Analysis: Should fibre networks get public funding?
Super-fast business broadband networks are already laid throughout London, but should the government fund these to reach farther?
The question as to whether or not businesses really need super-fast broadband and fibre optic capability has already been out there for some time - but is it worth expanding the roll-out using government funds?
AboveNet already has an extensive metropolitan network in place, which covers central London and goes out to Heathrow. From 1999, streets were dug up to lay fibre optic cables, and now the dark fibre network extends out about 200 kilometres around the capital. While Virgin Media has lately been quoted as offering 50MB connections for consumers, AboveNet was providing 10GB connections.
The network was designed to go within 50 metres of the top 500 businesses within London. At that time, only the really large corporations had the money to use these connections, so AboveNet left it up to them whether they wanted to use the fibre.
A decade later, eight out of 10 of the largest banks in London now use AboveNet's dark fibre. It is clear evidence showing some of the larger businesses see super-fast fibre optic broadband networks as a necessity.
Steve Potts, technical director at AboveNet, said business-only connections were essential for capacity, especially for financial institutions.
He said: "Not only do they [businesses] get the capacity, but they get the security. It's not shared with anybody else. We can route the fibre in the shortest distance possible.
"Even the traditional exchanges and systems are getting huge spikes in the volume of data. The [financial institutions] need infrastructure which could cope with that."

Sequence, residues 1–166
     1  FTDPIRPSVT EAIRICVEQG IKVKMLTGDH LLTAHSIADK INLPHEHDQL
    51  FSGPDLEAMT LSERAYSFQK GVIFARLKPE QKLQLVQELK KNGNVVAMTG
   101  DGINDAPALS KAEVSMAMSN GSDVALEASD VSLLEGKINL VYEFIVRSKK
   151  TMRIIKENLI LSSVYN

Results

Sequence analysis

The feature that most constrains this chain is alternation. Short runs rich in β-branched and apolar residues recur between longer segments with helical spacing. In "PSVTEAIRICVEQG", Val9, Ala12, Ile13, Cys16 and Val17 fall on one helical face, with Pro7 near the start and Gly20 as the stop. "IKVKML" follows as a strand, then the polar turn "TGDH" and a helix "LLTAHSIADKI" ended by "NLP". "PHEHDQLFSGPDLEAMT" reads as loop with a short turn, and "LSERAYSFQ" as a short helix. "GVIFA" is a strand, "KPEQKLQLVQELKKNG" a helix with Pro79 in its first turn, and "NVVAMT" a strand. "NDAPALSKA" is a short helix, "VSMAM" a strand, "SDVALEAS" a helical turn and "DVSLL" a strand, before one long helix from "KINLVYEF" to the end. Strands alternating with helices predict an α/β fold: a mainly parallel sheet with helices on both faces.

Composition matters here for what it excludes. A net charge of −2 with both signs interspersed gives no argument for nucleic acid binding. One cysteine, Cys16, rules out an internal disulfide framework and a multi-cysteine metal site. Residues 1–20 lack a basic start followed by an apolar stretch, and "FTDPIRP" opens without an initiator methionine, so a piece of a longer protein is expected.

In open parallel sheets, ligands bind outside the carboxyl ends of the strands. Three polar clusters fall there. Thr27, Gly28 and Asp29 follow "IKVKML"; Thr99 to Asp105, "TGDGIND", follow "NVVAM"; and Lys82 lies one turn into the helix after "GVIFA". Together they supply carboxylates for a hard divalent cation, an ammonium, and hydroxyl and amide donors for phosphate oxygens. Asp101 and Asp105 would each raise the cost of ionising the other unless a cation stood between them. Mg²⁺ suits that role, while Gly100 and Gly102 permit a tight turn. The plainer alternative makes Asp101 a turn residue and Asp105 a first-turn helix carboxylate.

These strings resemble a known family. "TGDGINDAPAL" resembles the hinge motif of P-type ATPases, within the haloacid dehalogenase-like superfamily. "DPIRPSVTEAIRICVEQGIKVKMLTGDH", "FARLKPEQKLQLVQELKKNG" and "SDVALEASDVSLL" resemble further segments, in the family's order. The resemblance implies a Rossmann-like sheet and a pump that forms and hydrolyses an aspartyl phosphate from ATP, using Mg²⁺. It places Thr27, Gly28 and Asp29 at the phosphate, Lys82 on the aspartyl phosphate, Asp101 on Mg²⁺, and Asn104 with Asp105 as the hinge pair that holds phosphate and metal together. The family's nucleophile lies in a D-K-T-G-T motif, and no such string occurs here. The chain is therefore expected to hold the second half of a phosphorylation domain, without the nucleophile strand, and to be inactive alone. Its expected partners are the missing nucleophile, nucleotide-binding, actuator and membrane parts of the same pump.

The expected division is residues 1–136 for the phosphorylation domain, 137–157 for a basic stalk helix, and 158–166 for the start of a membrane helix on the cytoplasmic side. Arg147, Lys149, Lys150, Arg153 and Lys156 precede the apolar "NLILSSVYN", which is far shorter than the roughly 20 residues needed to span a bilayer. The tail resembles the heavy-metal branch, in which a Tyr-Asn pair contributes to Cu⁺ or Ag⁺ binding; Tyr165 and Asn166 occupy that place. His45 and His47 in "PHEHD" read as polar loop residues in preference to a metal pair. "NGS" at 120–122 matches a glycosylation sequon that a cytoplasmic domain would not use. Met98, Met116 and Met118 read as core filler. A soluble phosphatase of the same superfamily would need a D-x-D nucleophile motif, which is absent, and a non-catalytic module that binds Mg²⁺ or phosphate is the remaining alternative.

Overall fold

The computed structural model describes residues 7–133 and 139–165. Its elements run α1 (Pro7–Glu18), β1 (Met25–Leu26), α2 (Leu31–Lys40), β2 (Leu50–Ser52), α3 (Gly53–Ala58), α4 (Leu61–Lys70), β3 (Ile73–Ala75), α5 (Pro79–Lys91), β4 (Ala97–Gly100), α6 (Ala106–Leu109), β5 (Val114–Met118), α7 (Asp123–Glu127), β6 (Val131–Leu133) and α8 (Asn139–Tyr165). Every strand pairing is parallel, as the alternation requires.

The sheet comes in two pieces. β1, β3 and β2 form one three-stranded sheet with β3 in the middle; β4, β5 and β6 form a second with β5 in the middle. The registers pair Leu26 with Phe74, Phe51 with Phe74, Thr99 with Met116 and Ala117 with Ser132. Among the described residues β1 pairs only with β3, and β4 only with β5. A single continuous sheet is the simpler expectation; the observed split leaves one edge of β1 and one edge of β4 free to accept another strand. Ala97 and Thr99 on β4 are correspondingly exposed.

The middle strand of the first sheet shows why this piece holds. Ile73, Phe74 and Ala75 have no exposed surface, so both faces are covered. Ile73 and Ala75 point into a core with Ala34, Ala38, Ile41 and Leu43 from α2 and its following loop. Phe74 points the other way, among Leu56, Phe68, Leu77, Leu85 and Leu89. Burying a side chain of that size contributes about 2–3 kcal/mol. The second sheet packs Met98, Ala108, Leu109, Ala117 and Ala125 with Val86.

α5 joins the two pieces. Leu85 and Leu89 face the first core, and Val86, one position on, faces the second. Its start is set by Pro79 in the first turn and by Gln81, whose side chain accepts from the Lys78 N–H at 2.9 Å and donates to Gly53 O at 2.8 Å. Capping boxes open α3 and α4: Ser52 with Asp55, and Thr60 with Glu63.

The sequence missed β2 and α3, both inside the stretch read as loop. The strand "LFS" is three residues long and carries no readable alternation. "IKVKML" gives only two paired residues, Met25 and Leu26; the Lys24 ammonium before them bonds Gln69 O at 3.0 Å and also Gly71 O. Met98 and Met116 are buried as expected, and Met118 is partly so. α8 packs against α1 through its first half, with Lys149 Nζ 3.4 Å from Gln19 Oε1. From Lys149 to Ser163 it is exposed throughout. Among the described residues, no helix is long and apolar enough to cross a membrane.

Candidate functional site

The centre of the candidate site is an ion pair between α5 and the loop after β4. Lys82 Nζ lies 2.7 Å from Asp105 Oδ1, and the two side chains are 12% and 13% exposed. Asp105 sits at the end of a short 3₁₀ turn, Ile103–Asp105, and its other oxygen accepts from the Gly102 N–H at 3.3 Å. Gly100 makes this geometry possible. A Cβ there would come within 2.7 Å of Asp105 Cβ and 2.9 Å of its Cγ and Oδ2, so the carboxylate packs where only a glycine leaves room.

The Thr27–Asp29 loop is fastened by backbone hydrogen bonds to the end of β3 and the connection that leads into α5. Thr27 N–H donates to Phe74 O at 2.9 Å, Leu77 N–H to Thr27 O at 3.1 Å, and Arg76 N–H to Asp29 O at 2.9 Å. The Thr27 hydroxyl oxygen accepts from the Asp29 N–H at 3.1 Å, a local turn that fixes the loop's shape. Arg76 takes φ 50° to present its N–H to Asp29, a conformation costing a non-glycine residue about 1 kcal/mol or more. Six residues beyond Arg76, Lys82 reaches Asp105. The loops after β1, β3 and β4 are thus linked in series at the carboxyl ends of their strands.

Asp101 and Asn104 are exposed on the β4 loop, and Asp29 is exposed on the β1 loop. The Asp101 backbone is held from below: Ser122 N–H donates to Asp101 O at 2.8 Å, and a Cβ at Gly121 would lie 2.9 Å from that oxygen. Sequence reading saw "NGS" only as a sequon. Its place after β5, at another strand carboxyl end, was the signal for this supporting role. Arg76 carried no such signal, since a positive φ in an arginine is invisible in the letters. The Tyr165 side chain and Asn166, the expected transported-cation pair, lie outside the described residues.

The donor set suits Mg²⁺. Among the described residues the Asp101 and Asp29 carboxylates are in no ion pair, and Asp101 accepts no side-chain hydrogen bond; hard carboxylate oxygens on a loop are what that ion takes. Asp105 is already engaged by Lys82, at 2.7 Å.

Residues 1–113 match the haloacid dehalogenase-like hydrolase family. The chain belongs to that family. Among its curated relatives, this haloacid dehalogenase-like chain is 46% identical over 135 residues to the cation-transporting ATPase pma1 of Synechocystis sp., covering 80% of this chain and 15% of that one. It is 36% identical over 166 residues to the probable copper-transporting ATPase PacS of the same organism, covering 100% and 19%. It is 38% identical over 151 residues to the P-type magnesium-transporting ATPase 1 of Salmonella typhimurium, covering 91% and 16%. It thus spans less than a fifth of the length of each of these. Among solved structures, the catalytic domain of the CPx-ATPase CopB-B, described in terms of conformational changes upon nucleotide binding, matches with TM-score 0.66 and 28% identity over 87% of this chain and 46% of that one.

He said that fibre was the only way that this could be done and that shared consumer systems or wireless connectivity couldn't work, because they aren't secure enough.
With the economy now revolving around the service sector, Potts argued that government-funded business connectivity out of the main centres like London would have rich benefits when it came to getting the UK out of its current economic hole.
He said: "To energise areas and let some of the larger companies create jobs and establish themselves in places, they are going to expect the connectivity to be there."
AboveNet's chief executive Leeland Pavey said that the government needed to give some financial incentive because a fibre optic infrastructure would be incredibly expensive.
He said: "We've built similar networks in Dublin, and I know the Irish government over there had some initiatives to roll out fibre optic networks to other towns outside of the city, because it was seen as generating lots of business to the detriment of the rest of Ireland."
Teresa Cottam, director of research at telecom analyst Babworth, said that some small businesses would benefit from fibre optic cabling and better telecom cabling - but not all of them.
She argued that such government-funded networks would effectively be a tax subsidising rural and remote areas, and this wouldn't be a good option in the current economic climate.
She picked out the example of Scotland, which has a lot of very remote areas, and compared it to the south east of England, which had the UK's highest population concentration.
"Effectively, what the government would be asking is for consumers and businesses in the [busy] areas to subsidise somebody in the far north of Scotland just to get a fibre connection," she said.
"There's a question about whether that's good for the market, whether there's a demand for it, or whether the consumers are likely to pay more for it."
Cottam said that the government needed to look at different technologies in the upcoming Digital Britain' report, and then make a decision as to whether fibre was indeed the best way to go.
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